by Pamela Skillings
You’ve got all of the right qualifications and then some. It almost seems as if the job description was written just for you. So why didn’t you get the job offer? You probably messed up the interview.
In a competitive job market you may be up against many qualified candidates including internal applicants. That means it’s not enough to just perform well in the interview. You must wow the interviewer.
Based on my experience as a hiring manager and my interview coaching work with hundreds of job-seekers each year I’ve identified some common interview mistakes that sabotage even the strongest candidates — and some tips for avoiding them.
The Aw Shucks Applicant — Modesty is a lovely quality just not in a job interview. In everyday life you don’t rattle on about your strengths and accomplishments so you may feel awkward tooting your own horn in a job interview if you don’t prepare. If you’re a naturally humble person you’ll need some practice to present your best qualities confidently and avoid selling yourself short.
Even if your resume is stellar you have to back it up in the interview. You don’t have to become an obnoxious self-promoter (see The Used-Car Salesman below). You just have to learn how to discuss your selling points in your own voice without wavering. You have only one opportunity to make your case. Don’t let your modesty prevent you from showing what you can do.
The Supermodel Syndrome — Supermodels don’t have to try to impress anybody. Fawning admirers pursue them wherever they strut. Many of my most accomplished clients are also accustomed to being courted.
Most have never had to try very hard to find a new position. They’re great at what they do. When the job market was strong companies chased them and they played hard to get. Their instinct is to walk into an interview and let the resume speak for them because it has always worked in the past.
In today’s job market however the competition is fierce. Even the most impressive applicants have to sell themselves. This need is especially pronounced for those changing direction or looking to enter a new industry or area of specialization. If you think you might be suffering from Supermodel Syndrome remember that you’re still hot but you have to learn how to tell them why.
To Whom It May Concern — Don’t treat a job interview like a form letter. You can’t use the same spiel for every opportunity. Many job-seekers have standard answers to common interview questions and don’t bother to tailor their approach for each opportunity which is a big mistake.
You must analyze each job description and consider which of your many strengths and achievements will be most relevant and impressive for this interview. If you’ve been working for a while you have many successful projects and areas of expertise. Hiring managers are listening for particular competencies and want to know why you’re a good fit for their position and their company. Many have special concerns — for example the last person in the job left them in the lurch so a long-term commitment is particularly important.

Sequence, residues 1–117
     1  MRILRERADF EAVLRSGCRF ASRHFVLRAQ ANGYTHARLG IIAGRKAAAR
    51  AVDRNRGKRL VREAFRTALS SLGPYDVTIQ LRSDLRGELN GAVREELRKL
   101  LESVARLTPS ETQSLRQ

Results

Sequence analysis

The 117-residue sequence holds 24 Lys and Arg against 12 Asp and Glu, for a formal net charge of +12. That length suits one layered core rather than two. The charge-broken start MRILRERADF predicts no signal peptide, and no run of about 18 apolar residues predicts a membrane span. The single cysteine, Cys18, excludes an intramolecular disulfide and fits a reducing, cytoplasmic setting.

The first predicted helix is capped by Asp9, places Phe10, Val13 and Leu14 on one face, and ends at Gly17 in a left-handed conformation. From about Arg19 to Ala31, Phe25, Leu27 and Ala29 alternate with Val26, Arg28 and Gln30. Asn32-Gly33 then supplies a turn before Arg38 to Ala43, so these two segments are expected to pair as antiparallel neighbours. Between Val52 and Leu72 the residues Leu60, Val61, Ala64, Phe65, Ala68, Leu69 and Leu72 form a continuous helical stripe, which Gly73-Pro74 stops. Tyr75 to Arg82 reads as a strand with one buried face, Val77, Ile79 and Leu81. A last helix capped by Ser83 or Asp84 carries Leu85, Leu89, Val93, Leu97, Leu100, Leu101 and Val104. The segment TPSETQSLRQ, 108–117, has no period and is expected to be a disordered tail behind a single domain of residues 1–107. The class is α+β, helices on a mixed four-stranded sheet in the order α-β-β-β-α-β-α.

If your responses are too general your interviewer may overlook qualifications that you have but didn’t articulate. Prepare for each interview; remember to read the signals in the room and respond to the interviewer’s cues.
Data Dumper — Drown your interviewer in detail and you’ll lose his or her attention and suck all of the energy out of the room. Eyes will glaze over and the interviewer’s inner dialogue will change from “Who is this interesting person?” to “Please for the love of decency wrap this up before I doze off.”
Detail-oriented and technical people are often tempted to provide way too much information. In most cases the interviewer doesn’t need or want a complete play by play. You must sum up with a high-level description (1-2 minutes at most) and then make it clear that you’re happy to provide whatever additional details are desired.
Focus on the information that demonstrates your specific contributions. These key points get lost when surrounded by too much extraneous data.
The Used-Car Salesman — It is possible to take confidence too far. The used car salesman is all about selling not listening. He makes big claims without backing them up pushes for a commitment prematurely and shamelessly kisses up.
These techniques rarely work unless you’re interviewing for a position in used car sales or spam copywriting. Instead they make the interviewer uncomfortable and raise doubts about your sincerity.
Also be careful not to be so self-assured that you insult your interviewer by criticizing the way the company does things now or indicating you know better. This can put the interviewer on the defensive and turn a positive interaction into a negative one.
Final Thoughts on Avoiding Interviewing Mistakes
Avoid these common mistakes that even smart candidates make and you’ll have a much better shot at landing that job that you deserve.
Questions about some of the terminology used in this article? Get more information (definitions and links) on key college career and job-search terms by going to our Job-Seeker’s Glossary of Job-Hunting Terms.
Pamela Skillings is an author interview coach and career expert who has been featured by The New York Times Newsweek ABC News Forbes and other media outlets. As an interview coach she has helped her clients land dream jobs at companies including Google Microsoft Goldman Sachs and JP Morgan Chase. She is the co-founder of Big Interview an online video-based job interview training system and an adjunct professor for New York University. Previously Pamela spent more than 15 years as a marketing and HR executive for Fortune 500 companies. Her company Skillful Communications also provides management training for the American Management Association and other organizations.